–50 TB file system
–Ultra service level
–Nconnect Mount Option for NFS volume: 8
–Set NFS readahead to 15 MB
–Kernel Tunables (via /etc/sysctl.conf)
Kernel Tunables (via custom tuned profile)
–Accelerated network tuning (https://github.com/ANFTechTeam/accelnet_tuning)
Mixed Analytics Workload
Putting SASDATA and SAS WORK on ANF
The 1-node test the ratio is 0.82
The 2-node test the average ratios is 0.67
The 3-node test the average ratios is 0.57
The 1-node test gave us 98 MB per second per physical core for WRITEs and 200MB per second per physical core for READs.
The 2-node test gave us 53 MB per second per physical core for WRITEs and 136 MB per second per physical core for READs.
The 3-node test gave us 37 MB per second per physical core for WRITEs and 86 MB per second per physical core for READs
With the above changes in addition to the ones in the original post, you should be able to achieve the 100MiB/s throughput per physical core SAS recommendation for SAS GRID clusters using an ANF volume for SASDATA (persistent SAS data files) are scalable to 48 physical cores across two or more MS Azure machine instances.
Here's some detailed instructions on how to configure NFS readahead (on RHEL 8.3) as this might not be obvious.
Please note that the Kernel Tunables parameter below needs to be 128, not 512 like is mentioned above.
–Kernel Tunables (via /etc/sysctl.conf)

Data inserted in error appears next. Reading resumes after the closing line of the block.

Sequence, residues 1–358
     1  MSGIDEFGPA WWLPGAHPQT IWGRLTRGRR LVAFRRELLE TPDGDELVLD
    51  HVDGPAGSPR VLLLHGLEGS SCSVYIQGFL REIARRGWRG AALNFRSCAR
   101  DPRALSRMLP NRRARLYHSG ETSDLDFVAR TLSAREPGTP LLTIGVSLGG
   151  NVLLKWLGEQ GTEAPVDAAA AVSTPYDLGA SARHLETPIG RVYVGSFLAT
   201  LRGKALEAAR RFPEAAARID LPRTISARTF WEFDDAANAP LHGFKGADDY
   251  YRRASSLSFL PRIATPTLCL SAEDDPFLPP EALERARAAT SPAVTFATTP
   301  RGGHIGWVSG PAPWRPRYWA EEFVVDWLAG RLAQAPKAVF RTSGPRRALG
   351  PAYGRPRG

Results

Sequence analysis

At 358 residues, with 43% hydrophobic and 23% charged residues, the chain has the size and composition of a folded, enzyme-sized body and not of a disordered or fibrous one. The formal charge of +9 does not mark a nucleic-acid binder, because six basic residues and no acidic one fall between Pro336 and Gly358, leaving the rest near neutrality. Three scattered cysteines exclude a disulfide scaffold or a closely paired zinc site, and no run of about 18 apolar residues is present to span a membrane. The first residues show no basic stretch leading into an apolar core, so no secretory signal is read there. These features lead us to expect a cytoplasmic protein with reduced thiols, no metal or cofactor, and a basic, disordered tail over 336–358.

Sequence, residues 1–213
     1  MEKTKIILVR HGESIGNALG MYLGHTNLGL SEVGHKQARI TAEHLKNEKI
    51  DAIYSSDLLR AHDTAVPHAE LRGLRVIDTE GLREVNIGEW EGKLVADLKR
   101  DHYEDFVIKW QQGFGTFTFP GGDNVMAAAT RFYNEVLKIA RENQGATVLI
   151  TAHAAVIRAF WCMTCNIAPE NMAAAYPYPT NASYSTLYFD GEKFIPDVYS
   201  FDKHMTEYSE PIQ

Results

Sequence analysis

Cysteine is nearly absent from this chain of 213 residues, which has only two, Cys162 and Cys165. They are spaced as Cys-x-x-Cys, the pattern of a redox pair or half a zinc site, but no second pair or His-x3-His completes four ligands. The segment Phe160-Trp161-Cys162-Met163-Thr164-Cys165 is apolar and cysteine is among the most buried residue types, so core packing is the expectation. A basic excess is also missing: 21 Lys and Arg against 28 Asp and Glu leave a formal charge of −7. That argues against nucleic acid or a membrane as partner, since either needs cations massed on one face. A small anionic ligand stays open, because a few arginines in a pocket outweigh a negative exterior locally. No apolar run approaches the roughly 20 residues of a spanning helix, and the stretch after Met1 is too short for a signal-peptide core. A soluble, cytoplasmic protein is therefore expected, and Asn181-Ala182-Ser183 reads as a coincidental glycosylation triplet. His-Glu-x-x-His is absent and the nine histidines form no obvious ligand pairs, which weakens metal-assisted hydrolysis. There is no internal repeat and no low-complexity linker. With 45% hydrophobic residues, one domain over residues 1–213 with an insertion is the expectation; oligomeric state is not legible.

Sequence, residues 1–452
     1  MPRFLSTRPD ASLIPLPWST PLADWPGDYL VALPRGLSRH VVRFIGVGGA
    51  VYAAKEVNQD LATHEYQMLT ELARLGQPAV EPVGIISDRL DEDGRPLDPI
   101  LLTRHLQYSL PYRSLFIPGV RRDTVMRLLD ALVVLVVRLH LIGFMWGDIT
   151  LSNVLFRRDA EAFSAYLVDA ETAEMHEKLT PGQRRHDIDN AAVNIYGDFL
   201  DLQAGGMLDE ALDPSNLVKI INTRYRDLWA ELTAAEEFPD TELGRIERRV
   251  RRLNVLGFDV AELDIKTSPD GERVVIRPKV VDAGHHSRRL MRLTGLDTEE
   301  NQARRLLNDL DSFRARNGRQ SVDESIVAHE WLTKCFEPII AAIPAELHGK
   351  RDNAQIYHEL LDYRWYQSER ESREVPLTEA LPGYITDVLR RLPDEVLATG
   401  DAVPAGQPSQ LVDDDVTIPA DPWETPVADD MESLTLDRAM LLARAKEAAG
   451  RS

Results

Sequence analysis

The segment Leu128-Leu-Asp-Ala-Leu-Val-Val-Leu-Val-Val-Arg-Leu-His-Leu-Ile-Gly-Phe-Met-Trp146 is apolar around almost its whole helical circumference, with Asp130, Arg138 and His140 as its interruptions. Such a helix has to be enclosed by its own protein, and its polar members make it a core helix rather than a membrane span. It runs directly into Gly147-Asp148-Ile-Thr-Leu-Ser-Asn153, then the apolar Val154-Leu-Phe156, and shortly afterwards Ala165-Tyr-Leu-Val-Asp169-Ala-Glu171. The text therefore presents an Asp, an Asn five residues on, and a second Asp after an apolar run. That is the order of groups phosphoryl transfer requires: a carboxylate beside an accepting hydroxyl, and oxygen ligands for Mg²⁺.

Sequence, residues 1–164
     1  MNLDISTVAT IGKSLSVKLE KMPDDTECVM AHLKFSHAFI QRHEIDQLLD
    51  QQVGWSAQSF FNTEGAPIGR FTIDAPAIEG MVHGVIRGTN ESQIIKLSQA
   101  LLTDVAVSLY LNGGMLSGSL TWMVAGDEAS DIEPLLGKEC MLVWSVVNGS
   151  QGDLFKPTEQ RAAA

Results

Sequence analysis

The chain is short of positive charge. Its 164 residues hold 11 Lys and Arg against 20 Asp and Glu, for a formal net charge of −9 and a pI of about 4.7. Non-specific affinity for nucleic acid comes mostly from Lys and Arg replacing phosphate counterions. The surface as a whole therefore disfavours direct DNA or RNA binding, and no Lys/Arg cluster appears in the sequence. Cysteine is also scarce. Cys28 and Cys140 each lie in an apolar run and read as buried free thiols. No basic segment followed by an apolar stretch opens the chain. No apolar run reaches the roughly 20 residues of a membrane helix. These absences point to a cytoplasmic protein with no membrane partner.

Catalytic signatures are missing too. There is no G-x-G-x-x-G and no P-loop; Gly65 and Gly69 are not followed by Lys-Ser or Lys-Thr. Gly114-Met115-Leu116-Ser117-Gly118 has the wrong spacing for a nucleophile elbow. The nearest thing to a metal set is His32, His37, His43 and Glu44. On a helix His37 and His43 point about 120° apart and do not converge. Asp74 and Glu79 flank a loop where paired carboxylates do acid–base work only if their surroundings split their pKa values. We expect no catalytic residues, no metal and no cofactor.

Setting this value greater than 128 will not increase performance of the system. ONTAP limits each connection to 128 maximum outstanding operations, the tcp_max_slot_table_entries tunable defines how many slots are available per connection. By limiting this setting to 128 matching the concurrency supported by ONTAP, we actually stand to improve performance. If you are curious, please read this study published in June 2021.
are these tuning recommendations and settings transferable to an on-prem netapp?
Is SASWORK on NFS now a supported and recommended option? In this post of yours from end 2019 that did not seem to be the case: "As a reminder, SAS WORK and SAS UTILLOC should never be placed on NFS storage."
Last, can you elaborate on why SAS does not recommend NFSv4.1 currently for SAS Grid deployments?
Hello community, I would like to ask you about the proper procedure for deleting the NetApp files configuration after testing it on SAS Viya. I am looking for a safe method to delete the NetApp account and volume on Azure without causing any errors in SAS Viya.
The SAS Users Group for Administrators (SUGA) is open to all SAS administrators and architects who install, update, manage or maintain a SAS deployment.
Learn how to install the SAS Viya CLI and a few commands you may find useful in this video by SAS’ Darrell Barton.
Find more tutorials on the SAS Users YouTube channel.